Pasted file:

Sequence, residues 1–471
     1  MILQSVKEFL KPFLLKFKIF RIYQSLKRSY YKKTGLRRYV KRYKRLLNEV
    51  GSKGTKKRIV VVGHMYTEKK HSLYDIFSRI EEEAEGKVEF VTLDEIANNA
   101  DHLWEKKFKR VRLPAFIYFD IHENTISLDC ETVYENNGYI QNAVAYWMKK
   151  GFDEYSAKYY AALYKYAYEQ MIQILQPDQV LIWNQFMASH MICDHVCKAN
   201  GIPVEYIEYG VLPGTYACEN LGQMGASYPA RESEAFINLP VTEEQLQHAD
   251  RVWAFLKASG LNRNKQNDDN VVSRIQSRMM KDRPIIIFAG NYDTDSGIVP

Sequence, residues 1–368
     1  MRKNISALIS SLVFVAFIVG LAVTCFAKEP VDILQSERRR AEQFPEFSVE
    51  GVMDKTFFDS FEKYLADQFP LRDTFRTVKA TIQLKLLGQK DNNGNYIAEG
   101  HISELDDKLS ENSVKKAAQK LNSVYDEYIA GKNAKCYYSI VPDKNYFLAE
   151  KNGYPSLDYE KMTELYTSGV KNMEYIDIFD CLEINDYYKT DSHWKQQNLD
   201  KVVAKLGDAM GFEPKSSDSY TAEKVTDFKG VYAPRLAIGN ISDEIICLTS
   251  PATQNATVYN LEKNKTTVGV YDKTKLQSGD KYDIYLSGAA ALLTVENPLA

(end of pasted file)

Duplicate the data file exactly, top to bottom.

Sequence, residues 1–471
     1  MILQSVKEFL KPFLLKFKIF RIYQSLKRSY YKKTGLRRYV KRYKRLLNEV
    51  GSKGTKKRIV VVGHMYTEKK HSLYDIFSRI EEEAEGKVEF VTLDEIANNA
   101  DHLWEKKFKR VRLPAFIYFD IHENTISLDC ETVYENNGYI QNAVAYWMKK
   151  GFDEYSAKYY AALYKYAYEQ MIQILQPDQV LIWNQFMASH MICDHVCKAN
   201  GIPVEYIEYG VLPGTYACEN LGQMGASYPA RESEAFINLP VTEEQLQHAD
   251  RVWAFLKASG LNRNKQNDDN VVSRIQSRMM KDRPIIIFAG NYDTDSGIVP

Sequence, residues 1–368
     1  MRKNISALIS SLVFVAFIVG LAVTCFAKEP VDILQSERRR AEQFPEFSVE
    51  GVMDKTFFDS FEKYLADQFP LRDTFRTVKA TIQLKLLGQK DNNGNYIAEG
   101  HISELDDKLS ENSVKKAAQK LNSVYDEYIA GKNAKCYYSI VPDKNYFLAE
   151  KNGYPSLDYE KMTELYTSGV KNMEYIDIFD CLEINDYYKT DSHWKQQNLD
   201  KVVAKLGDAM GFEPKSSDSY TAEKVTDFKG VYAPRLAIGN ISDEIICLTS
   251  PATQNATVYN LEKNKTTVGV YDKTKLQSGD KYDIYLSGAA ALLTVENPLA